The flu has recently made the news, as the H1N1 virus, also known as swine flu, has spread from Mexico to the United States. Doctors recommend vaccination as a way to prevent getting the flu, but the vaccine cannot protect you against every strain and mutation of the virus. Good health habits can help you stay healthy. The Centers For Disease Control recommends that you take the following steps to prevent the spread of germs.
Wash Your Hands
Washing your hands frequently will protect you from the spread of germs. This sounds simple, but most people don’t wash their hands properly. Although most people say that they wash their hands after using the restroom, many do not. In a study conducted by the American Society of Microbiologists, 10% of women do not wash their hands after using a public restroom, and 25% of men did not wash their hands after using a public restroom. You should also wash your hands after changing a baby’s diaper, handling money, handling food, sneezing, or touching a pet.
Even those that do wash their hands don’t know how to wash their hands properly. Rather than just running your hands under water for a couple of seconds, you should use soap, lather well, and rub your hands well under the faucet for at least 15 to 20 seconds to be effective. This is about the length of time that it takes to sing the alphabet once, or “Happy Birthday” twice. Be sure to scrub the back of your hands, underneath your fingernails, and between your fingers. You can reinfect yourself by turning off the faucet with your hands, so use a towel or your elbow to turn it off.
Avoid Contact with Sick People
If you get the flu, stay home from work or school. Postpone unnecessary errands. This will keep other people from getting sick as well. If you are well, avoid being in close contact with people that are sick.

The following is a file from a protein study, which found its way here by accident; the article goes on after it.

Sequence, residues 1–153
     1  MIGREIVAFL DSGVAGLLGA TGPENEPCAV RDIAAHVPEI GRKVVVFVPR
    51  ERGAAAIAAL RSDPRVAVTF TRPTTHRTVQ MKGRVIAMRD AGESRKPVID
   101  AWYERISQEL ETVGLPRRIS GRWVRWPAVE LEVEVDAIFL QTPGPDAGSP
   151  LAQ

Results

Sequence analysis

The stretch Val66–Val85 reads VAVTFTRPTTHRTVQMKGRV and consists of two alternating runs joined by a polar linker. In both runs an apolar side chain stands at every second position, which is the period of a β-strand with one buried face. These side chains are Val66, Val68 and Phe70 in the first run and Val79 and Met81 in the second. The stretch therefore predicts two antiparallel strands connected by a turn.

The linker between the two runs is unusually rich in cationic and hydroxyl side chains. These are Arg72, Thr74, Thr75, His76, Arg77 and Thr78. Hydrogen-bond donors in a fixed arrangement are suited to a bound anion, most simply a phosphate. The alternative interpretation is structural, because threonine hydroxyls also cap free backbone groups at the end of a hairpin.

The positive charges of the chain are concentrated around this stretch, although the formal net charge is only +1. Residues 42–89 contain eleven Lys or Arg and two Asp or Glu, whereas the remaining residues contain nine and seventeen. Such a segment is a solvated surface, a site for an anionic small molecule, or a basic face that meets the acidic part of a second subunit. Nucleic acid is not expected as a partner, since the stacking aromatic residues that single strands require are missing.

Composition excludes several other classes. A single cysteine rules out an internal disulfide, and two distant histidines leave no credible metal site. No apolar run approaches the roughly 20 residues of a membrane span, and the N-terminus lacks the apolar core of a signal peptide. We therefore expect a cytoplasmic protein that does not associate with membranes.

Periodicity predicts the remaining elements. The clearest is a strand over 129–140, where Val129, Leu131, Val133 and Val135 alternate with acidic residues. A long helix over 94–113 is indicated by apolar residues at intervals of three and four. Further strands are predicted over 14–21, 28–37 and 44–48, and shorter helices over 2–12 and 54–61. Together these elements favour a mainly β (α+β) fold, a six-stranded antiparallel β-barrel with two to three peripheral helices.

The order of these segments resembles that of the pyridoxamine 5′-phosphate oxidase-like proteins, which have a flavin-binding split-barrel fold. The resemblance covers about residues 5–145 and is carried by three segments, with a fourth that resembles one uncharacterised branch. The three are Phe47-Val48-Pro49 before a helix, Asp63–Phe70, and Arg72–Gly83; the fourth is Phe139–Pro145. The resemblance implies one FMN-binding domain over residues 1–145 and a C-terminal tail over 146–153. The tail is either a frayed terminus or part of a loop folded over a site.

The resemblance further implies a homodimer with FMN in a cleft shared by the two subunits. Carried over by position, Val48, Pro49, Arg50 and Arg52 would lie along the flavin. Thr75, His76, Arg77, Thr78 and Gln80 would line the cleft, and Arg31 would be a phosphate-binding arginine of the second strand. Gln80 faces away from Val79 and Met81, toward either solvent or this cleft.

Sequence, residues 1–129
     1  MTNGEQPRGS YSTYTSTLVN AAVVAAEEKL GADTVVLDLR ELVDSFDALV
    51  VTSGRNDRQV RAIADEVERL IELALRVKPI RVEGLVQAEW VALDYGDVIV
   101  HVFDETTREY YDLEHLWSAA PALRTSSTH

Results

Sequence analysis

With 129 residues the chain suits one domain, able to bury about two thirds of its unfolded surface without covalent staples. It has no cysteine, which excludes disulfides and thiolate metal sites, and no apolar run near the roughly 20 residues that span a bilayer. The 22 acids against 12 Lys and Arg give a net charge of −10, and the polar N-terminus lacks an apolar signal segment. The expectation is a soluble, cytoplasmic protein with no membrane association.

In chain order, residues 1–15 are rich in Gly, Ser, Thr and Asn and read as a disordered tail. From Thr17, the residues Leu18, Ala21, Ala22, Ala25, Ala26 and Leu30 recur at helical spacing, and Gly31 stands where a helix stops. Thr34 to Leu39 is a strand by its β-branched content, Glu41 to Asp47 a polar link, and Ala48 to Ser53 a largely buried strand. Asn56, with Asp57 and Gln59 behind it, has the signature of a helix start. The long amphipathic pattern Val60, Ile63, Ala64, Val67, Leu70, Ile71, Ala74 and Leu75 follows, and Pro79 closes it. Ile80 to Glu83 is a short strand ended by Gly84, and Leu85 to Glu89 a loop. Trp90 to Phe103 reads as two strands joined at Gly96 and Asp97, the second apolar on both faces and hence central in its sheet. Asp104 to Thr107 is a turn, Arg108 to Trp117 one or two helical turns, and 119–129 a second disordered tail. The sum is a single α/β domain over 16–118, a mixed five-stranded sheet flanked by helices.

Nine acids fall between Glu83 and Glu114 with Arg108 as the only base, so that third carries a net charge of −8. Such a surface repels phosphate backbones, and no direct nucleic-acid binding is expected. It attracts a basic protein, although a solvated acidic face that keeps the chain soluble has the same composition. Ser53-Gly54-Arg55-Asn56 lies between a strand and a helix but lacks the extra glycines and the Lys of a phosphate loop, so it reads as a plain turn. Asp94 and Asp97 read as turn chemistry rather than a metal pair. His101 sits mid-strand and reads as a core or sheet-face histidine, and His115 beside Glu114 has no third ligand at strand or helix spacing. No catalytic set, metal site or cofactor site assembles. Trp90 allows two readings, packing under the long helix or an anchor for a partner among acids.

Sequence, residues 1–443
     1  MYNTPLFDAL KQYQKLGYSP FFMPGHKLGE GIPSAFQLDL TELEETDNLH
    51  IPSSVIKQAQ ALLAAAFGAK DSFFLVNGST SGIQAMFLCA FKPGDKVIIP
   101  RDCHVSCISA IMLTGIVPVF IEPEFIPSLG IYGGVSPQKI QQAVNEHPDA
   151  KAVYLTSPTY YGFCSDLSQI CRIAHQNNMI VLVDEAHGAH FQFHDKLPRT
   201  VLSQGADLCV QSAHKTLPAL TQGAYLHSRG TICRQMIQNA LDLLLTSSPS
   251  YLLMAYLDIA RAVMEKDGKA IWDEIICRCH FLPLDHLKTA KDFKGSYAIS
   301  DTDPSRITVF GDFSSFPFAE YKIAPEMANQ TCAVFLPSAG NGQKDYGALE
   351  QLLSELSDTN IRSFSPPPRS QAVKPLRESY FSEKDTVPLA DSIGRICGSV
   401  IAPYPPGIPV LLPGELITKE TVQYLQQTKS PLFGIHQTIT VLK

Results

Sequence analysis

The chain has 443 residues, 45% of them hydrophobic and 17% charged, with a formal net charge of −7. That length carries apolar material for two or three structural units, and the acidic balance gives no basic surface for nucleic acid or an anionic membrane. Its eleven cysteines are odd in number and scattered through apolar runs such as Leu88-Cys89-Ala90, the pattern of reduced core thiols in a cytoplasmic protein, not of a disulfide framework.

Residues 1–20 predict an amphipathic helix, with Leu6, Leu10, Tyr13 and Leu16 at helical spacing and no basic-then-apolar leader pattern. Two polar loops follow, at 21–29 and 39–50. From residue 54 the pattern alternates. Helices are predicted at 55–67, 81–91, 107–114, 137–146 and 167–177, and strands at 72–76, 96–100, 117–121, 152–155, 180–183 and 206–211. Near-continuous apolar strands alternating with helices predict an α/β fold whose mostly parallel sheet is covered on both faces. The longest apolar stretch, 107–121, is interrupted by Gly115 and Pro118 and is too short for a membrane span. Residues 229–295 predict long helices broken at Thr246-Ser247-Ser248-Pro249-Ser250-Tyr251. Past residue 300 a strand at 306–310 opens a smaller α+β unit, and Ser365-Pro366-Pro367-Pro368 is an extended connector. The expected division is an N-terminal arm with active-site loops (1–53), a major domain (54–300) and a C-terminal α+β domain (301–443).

Avoid Touching Your Eyes, Mouth, and Nose
Your skin acts as a protective barrier against many viruses, but your immune system is particularly vulnerable around your eyes, mouth, and nose. Protect yourself by not touching these areas. This is one of the reasons why you should wash your hands before you eat.
Keep Your Mouth and Nose Covered
If you have to cough or sneeze, cover your mouth and nose. You can “catch your cough” in the crook of your arm, to avoid getting germs on your hands. If you sneeze into your hands, wash your hands afterwards to wash the germs that you might have sneezed onto them.
Strengthen Your Immune System
A good, strong immune system is a great defense from getting sick. Getting enough sleep, managing stress, exercising, and drinking plenty of fluids will help boost your immune system. Also, eat a good diet with nutritious food.
Practicing these healthy habits will help you avoid getting sick, and if you do get sick, it will help you avoid infecting others, and will help you get better faster.
Bakalar, Nicholas. “Many Don’t Wash Hands After Using the Bathroom.” New York Times.com, September 27, 2005. http://www.nytimes.com/2005/09/27/health/27wash.html?_r=1
Mayo Clinic Staff. “Hand Washing: An Easy Way to Prevent Infection.” Mayo Clinic.com, http://www.mayoclinic.com/health/hand-washing/HQ00407
“Preventing the Flu: Good Health Habits Can Help Stop Germs.” Centers for Disease Control. http://www.cdc.gov/flu/protect/habits.htm